Nadhim Zahawi is the Conservative candidate for Stratford On Avon.
The election has now begun in earnest, and it’s been great to spend time knocking on doors in my constituency and listening to what the voters have to tell me. Not only is it always a treat to wander around the beautiful towns and villages of the Stratford on Avon constituency, but the response has been truly amazing. I know it’s treated as a bit of a joke when politicians talk of a “great response on the doorstep”, but the conversations I’ve been having with voters over the last few weeks have been very interesting. At times, I have been surprised by the level of support.
On Friday evening, I was in probably the strongest Labour-voting area of the constituency and, at house after house, voters were saying that they are going to vote Conservative this time around. Many have never supported us before in their lives, but are terrified at the prospect of Jeremy Corbyn becoming Prime Minister. We saw something similar in 2015, with the prospect of a weak Labour government being propped up by the Scottish Nationalists, but the reaction this time around is even stronger. So it is that many residents who stuck with Labour at the last election were saying that they simply had no interest in supporting that party’s current leadership.
The positive responses about Theresa May were off the charts too. Amongst those who said they were genuinely torn which way to vote, all agreed that she is the only person with the capability, capacity and competence to be Prime Minister. Whether they were a leaver or a remainer, they wanted her making the deal. Whether they were a former Labour voter or a former Lib Dem voter, they wanted her guiding our economy, creating jobs and funding public services.
I think this is because voters see something in May that they like. They see that she is reserved, but has a steely determination to get the job done, and the ideas to make a better Britain for everyone. This has been obvious to all of us as soon as she stepped into the leadership campaign after David Cameron stepped down, and as we faced the task of making Brexit work for all. As the Prime Minister correctly says herself, politics is not a game, and that is why the voters see that she must remain in that job.
There are those who mock the message that a vote for her is a vote to deliver strong and stable leadership – but it is a statement of clear fact. It is not an invented soundbite, or a manufactured position, to make the Prime Minister look good; it is an expression of reality. Most sane people wouldn’t trust Corbyn to run the jam stand at a local fete, let alone an organisation in charge of hundreds of billions of pounds of taxpayers’ money, as we reform our Govenrment and develop a new relationship with Europe.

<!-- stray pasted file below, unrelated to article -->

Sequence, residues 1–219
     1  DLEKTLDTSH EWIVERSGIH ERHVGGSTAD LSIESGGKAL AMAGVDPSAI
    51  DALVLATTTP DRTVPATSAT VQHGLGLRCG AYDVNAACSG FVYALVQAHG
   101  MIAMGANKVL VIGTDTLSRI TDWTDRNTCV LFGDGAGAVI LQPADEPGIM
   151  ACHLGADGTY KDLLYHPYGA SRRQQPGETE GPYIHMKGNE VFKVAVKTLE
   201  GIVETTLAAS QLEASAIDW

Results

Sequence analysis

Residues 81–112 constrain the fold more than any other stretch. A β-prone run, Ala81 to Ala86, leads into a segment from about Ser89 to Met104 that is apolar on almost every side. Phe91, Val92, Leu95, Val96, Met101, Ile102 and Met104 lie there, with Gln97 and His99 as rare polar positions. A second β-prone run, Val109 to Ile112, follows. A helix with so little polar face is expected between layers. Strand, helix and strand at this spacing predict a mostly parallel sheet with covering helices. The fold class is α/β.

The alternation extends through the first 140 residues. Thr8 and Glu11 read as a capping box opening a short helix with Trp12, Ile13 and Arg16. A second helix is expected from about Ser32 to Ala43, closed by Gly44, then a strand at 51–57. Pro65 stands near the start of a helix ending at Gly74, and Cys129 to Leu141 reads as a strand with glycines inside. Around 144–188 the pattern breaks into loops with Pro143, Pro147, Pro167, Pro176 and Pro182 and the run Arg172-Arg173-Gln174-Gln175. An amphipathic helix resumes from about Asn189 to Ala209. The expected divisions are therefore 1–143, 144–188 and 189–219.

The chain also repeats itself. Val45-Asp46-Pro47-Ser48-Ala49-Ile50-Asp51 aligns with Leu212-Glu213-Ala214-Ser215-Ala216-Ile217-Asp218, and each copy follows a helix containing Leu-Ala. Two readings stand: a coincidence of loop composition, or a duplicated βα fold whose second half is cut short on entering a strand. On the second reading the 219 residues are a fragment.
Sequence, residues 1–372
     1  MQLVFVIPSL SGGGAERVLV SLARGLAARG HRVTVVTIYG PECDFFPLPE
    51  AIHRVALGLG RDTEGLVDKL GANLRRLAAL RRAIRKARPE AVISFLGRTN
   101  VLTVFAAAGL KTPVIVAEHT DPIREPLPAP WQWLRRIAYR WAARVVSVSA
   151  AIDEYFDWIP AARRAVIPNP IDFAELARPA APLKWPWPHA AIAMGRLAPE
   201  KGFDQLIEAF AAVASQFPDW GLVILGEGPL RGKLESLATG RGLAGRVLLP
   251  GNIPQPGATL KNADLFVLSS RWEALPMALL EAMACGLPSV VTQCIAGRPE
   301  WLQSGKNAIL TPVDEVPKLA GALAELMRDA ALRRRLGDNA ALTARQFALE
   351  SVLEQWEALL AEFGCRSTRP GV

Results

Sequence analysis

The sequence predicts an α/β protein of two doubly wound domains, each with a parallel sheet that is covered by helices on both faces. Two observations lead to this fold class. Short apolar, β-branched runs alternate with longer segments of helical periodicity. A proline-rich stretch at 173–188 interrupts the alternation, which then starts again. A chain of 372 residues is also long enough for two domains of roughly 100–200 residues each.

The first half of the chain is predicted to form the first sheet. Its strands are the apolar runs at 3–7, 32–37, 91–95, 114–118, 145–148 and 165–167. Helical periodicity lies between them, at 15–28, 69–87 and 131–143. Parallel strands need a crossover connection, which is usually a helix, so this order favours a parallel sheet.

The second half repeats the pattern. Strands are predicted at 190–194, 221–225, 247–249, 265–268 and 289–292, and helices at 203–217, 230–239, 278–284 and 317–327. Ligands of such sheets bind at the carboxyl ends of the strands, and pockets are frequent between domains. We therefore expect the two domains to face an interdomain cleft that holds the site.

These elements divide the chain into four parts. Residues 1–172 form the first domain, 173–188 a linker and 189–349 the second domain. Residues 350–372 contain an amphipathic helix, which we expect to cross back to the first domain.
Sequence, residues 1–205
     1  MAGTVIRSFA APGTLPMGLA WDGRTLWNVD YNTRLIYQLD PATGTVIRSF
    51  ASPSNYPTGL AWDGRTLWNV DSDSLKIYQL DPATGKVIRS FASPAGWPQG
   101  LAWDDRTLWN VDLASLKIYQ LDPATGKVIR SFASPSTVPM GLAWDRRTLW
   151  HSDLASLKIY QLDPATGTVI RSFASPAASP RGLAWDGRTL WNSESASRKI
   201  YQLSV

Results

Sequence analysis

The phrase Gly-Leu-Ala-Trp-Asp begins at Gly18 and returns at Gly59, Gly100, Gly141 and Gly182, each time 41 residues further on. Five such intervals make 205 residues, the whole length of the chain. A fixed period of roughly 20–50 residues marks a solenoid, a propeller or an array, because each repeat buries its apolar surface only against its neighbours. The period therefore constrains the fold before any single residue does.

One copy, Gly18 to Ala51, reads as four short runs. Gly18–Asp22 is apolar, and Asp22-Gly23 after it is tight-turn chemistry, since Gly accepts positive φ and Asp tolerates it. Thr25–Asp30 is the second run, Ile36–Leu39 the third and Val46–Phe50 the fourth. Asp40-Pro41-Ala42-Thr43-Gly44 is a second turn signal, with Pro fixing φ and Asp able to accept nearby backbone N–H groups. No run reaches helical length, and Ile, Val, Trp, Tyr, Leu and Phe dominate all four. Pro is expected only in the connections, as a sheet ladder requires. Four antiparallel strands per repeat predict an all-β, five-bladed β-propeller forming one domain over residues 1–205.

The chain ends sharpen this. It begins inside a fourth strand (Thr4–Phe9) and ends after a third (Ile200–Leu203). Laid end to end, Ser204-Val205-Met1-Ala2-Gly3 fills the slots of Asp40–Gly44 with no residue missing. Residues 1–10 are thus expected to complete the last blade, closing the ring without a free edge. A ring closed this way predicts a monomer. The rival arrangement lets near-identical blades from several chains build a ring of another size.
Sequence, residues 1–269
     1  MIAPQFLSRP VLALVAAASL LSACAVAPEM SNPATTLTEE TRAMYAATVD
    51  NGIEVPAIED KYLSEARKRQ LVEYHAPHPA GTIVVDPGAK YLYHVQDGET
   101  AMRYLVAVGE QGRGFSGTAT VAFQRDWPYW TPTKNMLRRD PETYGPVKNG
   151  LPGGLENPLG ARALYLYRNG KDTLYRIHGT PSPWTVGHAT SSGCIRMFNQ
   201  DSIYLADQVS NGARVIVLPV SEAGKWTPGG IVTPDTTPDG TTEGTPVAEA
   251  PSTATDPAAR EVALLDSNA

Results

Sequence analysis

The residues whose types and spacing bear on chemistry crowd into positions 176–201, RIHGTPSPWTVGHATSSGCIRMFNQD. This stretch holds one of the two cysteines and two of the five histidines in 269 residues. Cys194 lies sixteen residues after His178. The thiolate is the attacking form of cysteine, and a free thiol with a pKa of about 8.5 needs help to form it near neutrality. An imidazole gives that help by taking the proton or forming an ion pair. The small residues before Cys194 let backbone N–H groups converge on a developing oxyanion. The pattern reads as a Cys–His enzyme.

But the most important reason that voters want to back the Prime Minister on June 8th is because she has the vision to improve the daily lives of people in Britain, in addition to the leadership qualities to bring it into reality. She is right about the need to improve rural broadband services and therefore enhance not just the lives of people in the countryside, but to revolutionise rural businesses too. She is right that we need to build more houses, including social housing, to ensure our children and grandchildren have affordable homes to live in. She is right that too many people have their loyalty taken advantage of by energy firms if they stay on standard variable rate tariffs. And she is right that big businesses should neither treat taxes as an optional extra, nor actively work to reduce their employees’ rights.
The big issue of the next Parliament will of course be Brexit, but Brexit is not an end; it is an opportunity to change our country. Brexit will provide us with a multi-generational challenge – it is not about £350 million a week, or whether exit negotiations will lead to a hard or soft deal. Brexit will ultimately be seen as the first step in remaking Britain as a beacon of business enterprise and moral leadership. We should aim to become such a significant reservoir of soft power that we can lead the way in making the world a freer, richer and better place. We can be the world-leading advocate of strong and fair economies, contributing to international aid and international security, and free trade.
And our party alone has the vision required to play this role – the only party that is unafraid to be bold and ambitious; the only party that is confident enough to move forwards not backwards.
I truly believe that this election will finally banish the tribal, class-driven polarisation of Labour versus Conservative, workers versus bosses. That rhetoric will be firmly placed in the dustbin of history; it is no longer relevant. This election will instead be about who has a vision of an even greater Britain, who has the leadership to make the quiet revolution of Brexit a moment in which our country is remade, and who, ultimately, believes in our country, our citizens, and what we can achieve together. And that is why people will be voting Conservative on June 8th – even if they have never done so before.